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Indian skulls found in home

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BLOOMINGTON - Undisturbed for decades, the dusty attic at 511 Florence Ave. looked much like a museum with arrowheads, artwork and other American Indian artifacts scattered about the room.

But the contents of a wooden cabinet led to one of the strangest discoveries Bloomington Police Sgt. Henry Craft said he's ever seen during 20 years in law enforcement.

Lined up inside the cupboard were the skulls of approximately 30 American Indians. Written on some of the heads was the notation "Lake Anderson Mounds 1933."

"It's a unique story," said Craft, who is part American Indian. "The person who was in possession of these skulls passed away in 1982. My primary concern was to make sure they get back to their final resting place."

Dale Fitz-Henry II, who authorities believe was killed in a cabin fire north of Carlock last year, inherited the home when his mother died in 1987.

Police believe Dale Fitz-Henry Sr., a Bloomington dentist and avid collector of American Indian artifacts, likely dug up the skulls from an Indian burial site at some point during his life.

Kathleen Hollonbeck, of Rochelle, bought the home in November after paying back taxes on the residence. She and several others found the skulls Sunday while rummaging through the attic.

"To think that people would do that sort of thing is mind boggling," Hollonbeck said of digging up Indian remains. "I'm glad they're being returned to where they belonged. I wish they were never taken."

Craft said he is unsure where the skulls came from, but said he's working with the National Parks Service and other Native American organizations to determine their proper burial site.

Until then, Fitz-Henry's collection of heads will be kept at the Bloomington Police Department. The skulls ranged in age from toddler to adult, Craft said.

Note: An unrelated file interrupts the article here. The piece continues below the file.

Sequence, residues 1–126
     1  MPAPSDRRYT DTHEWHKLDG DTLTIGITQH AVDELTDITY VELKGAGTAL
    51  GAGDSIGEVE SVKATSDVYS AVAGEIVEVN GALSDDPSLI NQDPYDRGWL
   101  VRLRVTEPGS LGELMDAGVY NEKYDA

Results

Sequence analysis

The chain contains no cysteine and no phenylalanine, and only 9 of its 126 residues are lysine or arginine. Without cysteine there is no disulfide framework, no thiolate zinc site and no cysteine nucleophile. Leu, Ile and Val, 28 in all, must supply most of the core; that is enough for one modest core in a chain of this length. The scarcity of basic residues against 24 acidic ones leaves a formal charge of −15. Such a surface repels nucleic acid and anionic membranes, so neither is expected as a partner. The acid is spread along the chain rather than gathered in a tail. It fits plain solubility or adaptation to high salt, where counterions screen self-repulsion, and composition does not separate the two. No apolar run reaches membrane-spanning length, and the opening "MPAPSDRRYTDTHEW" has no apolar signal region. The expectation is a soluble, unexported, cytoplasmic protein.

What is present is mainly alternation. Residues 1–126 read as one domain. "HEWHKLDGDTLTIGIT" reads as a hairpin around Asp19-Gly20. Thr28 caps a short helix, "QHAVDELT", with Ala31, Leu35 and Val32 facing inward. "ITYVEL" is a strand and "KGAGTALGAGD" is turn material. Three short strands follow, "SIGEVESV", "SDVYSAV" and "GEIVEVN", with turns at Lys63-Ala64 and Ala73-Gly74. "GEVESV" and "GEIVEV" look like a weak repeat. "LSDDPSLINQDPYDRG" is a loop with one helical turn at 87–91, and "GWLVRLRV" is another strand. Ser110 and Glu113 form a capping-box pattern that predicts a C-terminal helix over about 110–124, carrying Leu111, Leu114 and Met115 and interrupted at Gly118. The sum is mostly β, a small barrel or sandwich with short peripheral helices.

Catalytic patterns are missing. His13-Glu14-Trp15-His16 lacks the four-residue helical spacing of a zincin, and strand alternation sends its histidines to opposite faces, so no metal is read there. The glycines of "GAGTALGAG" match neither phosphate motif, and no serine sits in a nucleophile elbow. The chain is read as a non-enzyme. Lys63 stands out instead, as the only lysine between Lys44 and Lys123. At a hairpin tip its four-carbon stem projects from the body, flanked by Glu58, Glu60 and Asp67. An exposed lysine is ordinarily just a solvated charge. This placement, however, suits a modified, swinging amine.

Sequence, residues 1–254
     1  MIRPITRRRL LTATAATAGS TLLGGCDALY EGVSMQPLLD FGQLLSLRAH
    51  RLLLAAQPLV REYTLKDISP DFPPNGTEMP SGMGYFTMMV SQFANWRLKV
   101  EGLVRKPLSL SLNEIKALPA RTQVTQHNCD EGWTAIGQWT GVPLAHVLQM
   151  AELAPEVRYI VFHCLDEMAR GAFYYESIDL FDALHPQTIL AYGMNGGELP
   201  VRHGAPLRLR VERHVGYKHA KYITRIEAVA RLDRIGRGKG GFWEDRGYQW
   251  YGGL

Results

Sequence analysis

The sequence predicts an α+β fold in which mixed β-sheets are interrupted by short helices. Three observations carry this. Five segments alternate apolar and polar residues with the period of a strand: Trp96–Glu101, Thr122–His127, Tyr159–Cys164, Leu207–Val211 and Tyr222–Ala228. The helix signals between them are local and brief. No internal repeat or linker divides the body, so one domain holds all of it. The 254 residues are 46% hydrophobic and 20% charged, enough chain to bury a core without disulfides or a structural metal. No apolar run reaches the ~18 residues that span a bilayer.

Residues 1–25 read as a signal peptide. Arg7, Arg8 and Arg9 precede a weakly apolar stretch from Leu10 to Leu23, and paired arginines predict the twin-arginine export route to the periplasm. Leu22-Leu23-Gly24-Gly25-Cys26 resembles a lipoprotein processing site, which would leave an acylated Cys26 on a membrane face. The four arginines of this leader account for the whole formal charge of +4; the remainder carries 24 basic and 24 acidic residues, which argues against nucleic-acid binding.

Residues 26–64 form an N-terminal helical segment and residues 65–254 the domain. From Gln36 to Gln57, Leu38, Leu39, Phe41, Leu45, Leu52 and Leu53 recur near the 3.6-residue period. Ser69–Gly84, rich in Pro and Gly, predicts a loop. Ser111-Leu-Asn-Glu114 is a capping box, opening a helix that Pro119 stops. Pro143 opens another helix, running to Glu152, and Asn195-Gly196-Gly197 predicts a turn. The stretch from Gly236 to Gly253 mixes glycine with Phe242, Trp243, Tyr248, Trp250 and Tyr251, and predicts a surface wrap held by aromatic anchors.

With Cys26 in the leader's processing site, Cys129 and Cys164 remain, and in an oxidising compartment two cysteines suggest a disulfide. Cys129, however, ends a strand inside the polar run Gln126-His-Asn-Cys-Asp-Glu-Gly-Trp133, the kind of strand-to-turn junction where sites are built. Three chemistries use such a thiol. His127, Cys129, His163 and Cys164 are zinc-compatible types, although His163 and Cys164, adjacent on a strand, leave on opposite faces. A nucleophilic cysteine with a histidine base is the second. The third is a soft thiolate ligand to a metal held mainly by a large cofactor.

The skull cap of one of the Indians had been removed and made into an ashtray, Craft said. Another still had what appeared to be some human hair.

Craft would not allow the skulls to be photographed Tuesday, saying to do so would be disrespectful.

Although digging up Indian burial mounds is illegal today, it definitely wouldn't have been in 1933, said Bonnie Styles, director of the Illinois State Museum in Springfield.

Styles said federal and state laws protecting burial mounds from being disturbed didn't take effect until 1990 after Fitz-Henry Sr. was already dead.

"It's not that strange. In the past there have been a lot of collectors who went after remains at historical sites," Styles said. "If (Fitz-Henry) was a dentist, he might have been interested in the teeth."

Lake Anderson Mounds was not a burial site Styles was familiar with, though she said there are thousands of in the nation where the remains could have been dug up.

If the skulls did indeed come from mounds in Illinois, they belong to tribes who were likely alive at some point from 1000 B.C. to 1400 A.D., Styles said.

Craft said that Bloomington Police got involved after one of the neighbors who were with Hollonbeck called him about the skulls.

"She was pretty distraught," Craft said. "When she was telling me about opening the cabinet, she kept saying ‘These are people. These are people.' I told her I'd take care of it. I want to make sure they get home."

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